Yet me you force each Day , and all the Day To behold you ; and for the lovely Sight Ipay down all my Bliss , and all ... and sent thee down To give Mankind a Taste of Bliss eternal : Witness P 2 Witness these Gods , who know the Heart ...
When we realize fully that we are satchitananda, we will be completely and permanently absorbed in bliss. In the meantime we can at least have a small taste oftheblissof ourhigher Selfanddispel our ignorance by reflecting on thegreat ...
Author: Robert HOULTON (M.A. Acad. Ox. et Dub.)Publish On: 1782
To the truth , my Lord , of this position Ireland stands a striking example . Stranger for centuries to the taste of bliss ; curbed , fettered and oppressed for ages both in COMMERCE and CONSTITUTIon , when the dawn ...
A trustworthy person is the best kinsman, Nibbana the highest bliss. Having savored the taste of solitude and peace (of Nibbana), pain-free and stainless he becomes, drinking deep the taste of the bliss of the Truth.
Author: Wesley J. Wildman
Publisher: SUNY Press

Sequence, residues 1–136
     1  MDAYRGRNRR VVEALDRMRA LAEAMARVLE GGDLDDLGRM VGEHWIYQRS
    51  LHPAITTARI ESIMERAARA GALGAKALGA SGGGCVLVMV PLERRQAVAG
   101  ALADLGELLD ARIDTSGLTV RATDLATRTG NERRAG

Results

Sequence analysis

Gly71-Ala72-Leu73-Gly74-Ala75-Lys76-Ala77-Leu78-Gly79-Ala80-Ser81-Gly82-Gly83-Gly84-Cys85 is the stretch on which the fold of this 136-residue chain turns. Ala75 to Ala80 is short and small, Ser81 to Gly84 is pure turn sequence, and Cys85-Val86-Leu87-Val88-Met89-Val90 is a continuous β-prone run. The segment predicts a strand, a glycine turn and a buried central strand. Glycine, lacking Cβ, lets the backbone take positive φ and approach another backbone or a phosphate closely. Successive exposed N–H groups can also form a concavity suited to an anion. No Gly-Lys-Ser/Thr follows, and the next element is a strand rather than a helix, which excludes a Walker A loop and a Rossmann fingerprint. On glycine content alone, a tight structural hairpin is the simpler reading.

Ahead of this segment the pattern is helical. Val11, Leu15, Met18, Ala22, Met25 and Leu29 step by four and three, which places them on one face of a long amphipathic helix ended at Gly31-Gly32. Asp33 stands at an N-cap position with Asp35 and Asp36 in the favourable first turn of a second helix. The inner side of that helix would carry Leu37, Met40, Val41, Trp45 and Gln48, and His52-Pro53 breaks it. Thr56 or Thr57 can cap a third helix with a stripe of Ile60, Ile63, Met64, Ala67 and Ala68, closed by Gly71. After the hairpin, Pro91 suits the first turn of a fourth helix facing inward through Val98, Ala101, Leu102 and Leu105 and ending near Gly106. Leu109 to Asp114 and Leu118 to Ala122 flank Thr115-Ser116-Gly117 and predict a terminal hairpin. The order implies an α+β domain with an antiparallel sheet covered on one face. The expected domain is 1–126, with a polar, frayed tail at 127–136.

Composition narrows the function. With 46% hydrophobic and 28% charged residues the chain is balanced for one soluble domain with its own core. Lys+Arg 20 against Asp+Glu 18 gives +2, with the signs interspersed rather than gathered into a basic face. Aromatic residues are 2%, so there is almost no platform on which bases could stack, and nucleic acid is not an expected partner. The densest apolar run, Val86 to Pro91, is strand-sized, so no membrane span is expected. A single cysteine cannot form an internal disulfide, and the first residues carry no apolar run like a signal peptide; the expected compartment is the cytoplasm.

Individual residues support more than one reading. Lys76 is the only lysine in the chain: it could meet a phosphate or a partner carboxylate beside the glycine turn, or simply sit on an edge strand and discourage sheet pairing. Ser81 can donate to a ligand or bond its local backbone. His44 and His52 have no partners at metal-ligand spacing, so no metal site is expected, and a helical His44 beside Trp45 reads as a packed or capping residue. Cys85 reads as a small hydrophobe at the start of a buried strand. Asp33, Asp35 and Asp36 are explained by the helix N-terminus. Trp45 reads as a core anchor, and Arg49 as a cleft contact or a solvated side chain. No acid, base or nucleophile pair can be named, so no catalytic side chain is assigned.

A meditation on how religious language tries to limn the liminal, conceive the inconceivable, speak the unspeakable, and say the unsayable. In Effing the Ineffable, Wesley J. Wildman confronts the human obsession with ultimate reality and our desire to conceive and speak of this reality through religious language, despite the seeming impossibility of doing so. Each chapter is a meditative essay on an aspect of life that, for most people, is fraught with special spiritual significance: dreaming, suffering, creating, slipping, balancing, eclipsing, loneliness, intensity, and bliss. These moments can inspire religious questioning and commitment, and, in extreme situations, drive us in search of ways to express what matters most to us. Drawing upon American pragmatist, Anglo-American analytic, and Continental traditions of philosophical theology, Wildman shows how, through direct description, religious symbolism, and phenomenological experience, the language games of religion become a means to attempt, and, in some sense, to accomplish this task. “This is a fine example of Wildman’s way of doing philosophy of religion. It demonstrates the importance, if not necessity, of religious philosophers working comparatively and also the benefits of multidisciplinary inquiry.” — Stephen Dawson, Lynchburg College